David Iben put it well when he said, 'Volatility is not a risk we care about. What we care about is avoiding the permanent loss of capital.' So it seems the smart money knows that debt - which is usually involved in bankruptcies - is a very important factor, when you assess how risky a company is. Importantly, Össur hf. (CPH:OSSR) does carry debt. But the real question is whether this debt is making the company risky.
When Is Debt A Problem?
Generally speaking, debt only becomes a real problem when a company can't easily pay it off, either by raising capital or with its own cash flow. If things get really bad, the lenders can take control of the business. However, a more common (but still painful) scenario is that it has to raise new equity capital at a low price, thus permanently diluting shareholders. Of course, plenty of companies use debt to fund growth, without any negative consequences. The first thing to do when considering how much debt a business uses is to look at its cash and debt together.
How Much Debt Does Össur hf Carry?
The image below, which you can click on for greater detail, shows that Össur hf had debt of US$352.1m at the end of June 2021, a reduction from US$372.1m over a year. However, because it has a cash reserve of US$89.8m, its net debt is less, at about US$262.3m.
How Strong Is Össur hf's Balance Sheet?
Zooming in on the latest balance sheet data, we can see that Össur hf had liabilities of US$153.7m due within 12 months and liabilities of US$503.9m due beyond that. On the other hand, it had cash of US$89.8m and US$108.6m worth of receivables due within a year. So its liabilities total US$459.2m more than the combination of its cash and short-term receivables.
Since publicly traded Össur hf shares are worth a total of US$2.95b, it seems unlikely that this level of liabilities would be a major threat. However, we do think it is worth keeping an eye on its balance sheet strength, as it may change over time.
We use two main ratios to inform us about debt levels relative to earnings. The first is net debt divided by earnings before interest, tax, depreciation, and amortization (EBITDA), while the second is how many times its earnings before interest and tax (EBIT) covers its interest expense (or its interest cover, for short). Thus we consider debt relative to earnings both with and without depreciation and amortization expenses.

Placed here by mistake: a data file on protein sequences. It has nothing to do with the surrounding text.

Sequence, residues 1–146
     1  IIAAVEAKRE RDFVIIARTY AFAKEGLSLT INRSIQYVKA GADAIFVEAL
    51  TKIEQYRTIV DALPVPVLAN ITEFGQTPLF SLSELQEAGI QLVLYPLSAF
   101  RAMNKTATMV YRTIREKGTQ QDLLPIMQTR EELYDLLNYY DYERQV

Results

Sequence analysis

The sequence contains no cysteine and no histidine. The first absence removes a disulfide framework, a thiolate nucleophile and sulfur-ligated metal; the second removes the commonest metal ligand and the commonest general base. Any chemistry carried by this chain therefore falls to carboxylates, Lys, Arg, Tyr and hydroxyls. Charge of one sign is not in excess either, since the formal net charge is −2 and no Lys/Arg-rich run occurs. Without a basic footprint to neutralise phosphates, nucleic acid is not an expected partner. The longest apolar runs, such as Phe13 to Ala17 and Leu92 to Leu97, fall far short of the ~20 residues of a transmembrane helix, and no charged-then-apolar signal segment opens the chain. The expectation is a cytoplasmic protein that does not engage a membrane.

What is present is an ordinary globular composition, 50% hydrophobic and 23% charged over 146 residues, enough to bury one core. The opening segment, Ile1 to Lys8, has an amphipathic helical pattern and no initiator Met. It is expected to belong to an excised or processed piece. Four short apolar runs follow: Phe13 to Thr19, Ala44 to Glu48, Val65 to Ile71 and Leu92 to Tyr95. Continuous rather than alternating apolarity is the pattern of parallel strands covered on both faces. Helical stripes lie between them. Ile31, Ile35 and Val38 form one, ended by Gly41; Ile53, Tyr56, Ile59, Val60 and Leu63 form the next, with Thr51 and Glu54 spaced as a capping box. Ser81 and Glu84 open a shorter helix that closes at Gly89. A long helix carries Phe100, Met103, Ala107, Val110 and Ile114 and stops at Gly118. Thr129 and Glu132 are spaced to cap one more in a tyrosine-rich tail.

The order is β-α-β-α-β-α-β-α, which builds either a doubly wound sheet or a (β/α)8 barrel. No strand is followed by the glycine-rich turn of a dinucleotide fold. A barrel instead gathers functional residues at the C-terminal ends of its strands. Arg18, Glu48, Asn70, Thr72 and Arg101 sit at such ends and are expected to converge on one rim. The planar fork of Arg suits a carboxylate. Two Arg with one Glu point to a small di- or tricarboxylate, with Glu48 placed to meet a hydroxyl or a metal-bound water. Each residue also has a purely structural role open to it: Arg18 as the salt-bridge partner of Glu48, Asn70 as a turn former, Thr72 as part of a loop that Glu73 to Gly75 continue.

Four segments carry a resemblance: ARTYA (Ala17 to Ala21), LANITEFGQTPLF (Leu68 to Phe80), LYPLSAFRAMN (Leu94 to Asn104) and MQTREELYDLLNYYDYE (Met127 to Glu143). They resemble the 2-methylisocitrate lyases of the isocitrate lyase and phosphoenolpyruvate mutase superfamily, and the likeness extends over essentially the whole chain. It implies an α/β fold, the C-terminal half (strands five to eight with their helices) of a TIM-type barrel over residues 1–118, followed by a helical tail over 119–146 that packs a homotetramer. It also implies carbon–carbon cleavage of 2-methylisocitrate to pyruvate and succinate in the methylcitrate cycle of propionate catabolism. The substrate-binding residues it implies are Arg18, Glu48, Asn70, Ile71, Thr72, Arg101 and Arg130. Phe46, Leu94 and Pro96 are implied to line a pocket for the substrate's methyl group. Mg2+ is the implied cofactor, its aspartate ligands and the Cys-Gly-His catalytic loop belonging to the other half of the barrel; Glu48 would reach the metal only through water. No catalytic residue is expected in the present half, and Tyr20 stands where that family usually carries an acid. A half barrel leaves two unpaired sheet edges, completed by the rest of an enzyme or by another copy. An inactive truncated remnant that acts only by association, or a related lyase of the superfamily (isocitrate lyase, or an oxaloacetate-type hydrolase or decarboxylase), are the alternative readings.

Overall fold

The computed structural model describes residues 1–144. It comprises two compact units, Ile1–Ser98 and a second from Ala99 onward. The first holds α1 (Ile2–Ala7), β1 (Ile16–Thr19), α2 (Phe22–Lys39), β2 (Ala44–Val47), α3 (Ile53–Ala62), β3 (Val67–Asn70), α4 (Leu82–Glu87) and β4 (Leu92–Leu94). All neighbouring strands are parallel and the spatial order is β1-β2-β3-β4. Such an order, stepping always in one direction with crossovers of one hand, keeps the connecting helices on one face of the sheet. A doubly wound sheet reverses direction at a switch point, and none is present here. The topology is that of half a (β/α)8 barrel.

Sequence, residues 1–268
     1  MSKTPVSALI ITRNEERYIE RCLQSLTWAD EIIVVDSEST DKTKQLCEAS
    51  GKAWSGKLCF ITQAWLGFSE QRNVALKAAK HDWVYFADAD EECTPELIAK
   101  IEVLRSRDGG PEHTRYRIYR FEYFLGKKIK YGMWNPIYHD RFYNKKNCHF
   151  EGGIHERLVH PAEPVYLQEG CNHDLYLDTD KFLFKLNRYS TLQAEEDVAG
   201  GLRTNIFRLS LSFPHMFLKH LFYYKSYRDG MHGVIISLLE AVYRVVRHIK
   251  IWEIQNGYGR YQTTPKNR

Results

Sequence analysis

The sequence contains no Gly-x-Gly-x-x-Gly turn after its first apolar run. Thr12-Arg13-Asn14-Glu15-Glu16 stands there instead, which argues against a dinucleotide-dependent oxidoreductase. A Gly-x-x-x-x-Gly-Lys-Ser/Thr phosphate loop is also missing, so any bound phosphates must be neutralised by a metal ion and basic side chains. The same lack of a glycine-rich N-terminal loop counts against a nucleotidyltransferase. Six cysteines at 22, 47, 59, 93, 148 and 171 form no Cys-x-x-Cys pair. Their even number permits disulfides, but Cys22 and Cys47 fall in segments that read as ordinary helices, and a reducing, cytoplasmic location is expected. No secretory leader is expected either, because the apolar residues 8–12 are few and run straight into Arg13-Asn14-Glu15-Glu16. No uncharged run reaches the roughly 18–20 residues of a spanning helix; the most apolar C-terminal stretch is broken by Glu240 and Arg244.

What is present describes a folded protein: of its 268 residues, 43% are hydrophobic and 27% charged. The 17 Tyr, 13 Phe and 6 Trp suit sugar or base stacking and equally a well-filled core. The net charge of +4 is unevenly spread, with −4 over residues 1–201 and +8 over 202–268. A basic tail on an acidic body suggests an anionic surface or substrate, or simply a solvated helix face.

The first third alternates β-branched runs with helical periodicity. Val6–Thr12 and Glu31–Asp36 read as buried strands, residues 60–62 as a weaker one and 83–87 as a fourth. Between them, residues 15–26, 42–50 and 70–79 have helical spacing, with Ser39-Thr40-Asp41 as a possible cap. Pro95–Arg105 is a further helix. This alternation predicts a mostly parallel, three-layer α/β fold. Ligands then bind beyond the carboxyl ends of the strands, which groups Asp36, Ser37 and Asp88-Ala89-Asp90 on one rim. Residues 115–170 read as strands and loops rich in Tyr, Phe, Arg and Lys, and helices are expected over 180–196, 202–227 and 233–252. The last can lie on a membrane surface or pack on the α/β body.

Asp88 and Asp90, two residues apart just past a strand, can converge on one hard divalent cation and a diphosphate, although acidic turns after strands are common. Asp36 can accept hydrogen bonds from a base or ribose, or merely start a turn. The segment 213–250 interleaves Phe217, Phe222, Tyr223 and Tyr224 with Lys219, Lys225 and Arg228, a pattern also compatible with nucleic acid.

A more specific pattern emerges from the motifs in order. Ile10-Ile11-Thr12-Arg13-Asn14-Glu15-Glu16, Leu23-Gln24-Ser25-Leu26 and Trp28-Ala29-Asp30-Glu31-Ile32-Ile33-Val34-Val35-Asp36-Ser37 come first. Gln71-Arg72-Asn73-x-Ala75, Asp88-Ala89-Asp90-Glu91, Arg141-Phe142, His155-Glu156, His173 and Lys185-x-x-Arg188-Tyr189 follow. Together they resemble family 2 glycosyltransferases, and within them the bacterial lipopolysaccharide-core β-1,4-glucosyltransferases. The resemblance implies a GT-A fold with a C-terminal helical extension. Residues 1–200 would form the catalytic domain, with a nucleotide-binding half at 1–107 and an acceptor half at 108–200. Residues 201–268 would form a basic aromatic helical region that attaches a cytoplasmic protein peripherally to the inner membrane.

With net debt to EBITDA of 2.7 Össur hf has a fairly noticeable amount of debt. On the plus side, its EBIT was 8.4 times its interest expense, and its net debt to EBITDA, was quite high, at 2.7. Importantly, Össur hf grew its EBIT by 61% over the last twelve months, and that growth will make it easier to handle its debt. The balance sheet is clearly the area to focus on when you are analysing debt. But ultimately the future profitability of the business will decide if Össur hf can strengthen its balance sheet over time. So if you're focused on the future you can check out this free report showing analyst profit forecasts.
Finally, while the tax-man may adore accounting profits, lenders only accept cold hard cash. So the logical step is to look at the proportion of that EBIT that is matched by actual free cash flow. Over the most recent three years, Össur hf recorded free cash flow worth 78% of its EBIT, which is around normal, given free cash flow excludes interest and tax. This free cash flow puts the company in a good position to pay down debt, when appropriate.
The good news is that Össur hf's demonstrated ability to grow its EBIT delights us like a fluffy puppy does a toddler. But, on a more sombre note, we are a little concerned by its net debt to EBITDA. It's also worth noting that Össur hf is in the Medical Equipment industry, which is often considered to be quite defensive. Zooming out, Össur hf seems to use debt quite reasonably; and that gets the nod from us. While debt does bring risk, when used wisely it can also bring a higher return on equity. There's no doubt that we learn most about debt from the balance sheet. However, not all investment risk resides within the balance sheet - far from it. These risks can be hard to spot. Every company has them, and we've spotted 2 warning signs for Össur hf you should know about.
Of course, if you're the type of investor who prefers buying stocks without the burden of debt, then don't hesitate to discover our exclusive list of net cash growth stocks, today.
This article by Simply Wall St is general in nature. We provide commentary based on historical data and analyst forecasts only using an unbiased methodology and our articles are not intended to be financial advice. It does not constitute a recommendation to buy or sell any stock, and does not take account of your objectives, or your financial situation. We aim to bring you long-term focused analysis driven by fundamental data. Note that our analysis may not factor in the latest price-sensitive company announcements or qualitative material. Simply Wall St has no position in any stocks mentioned.
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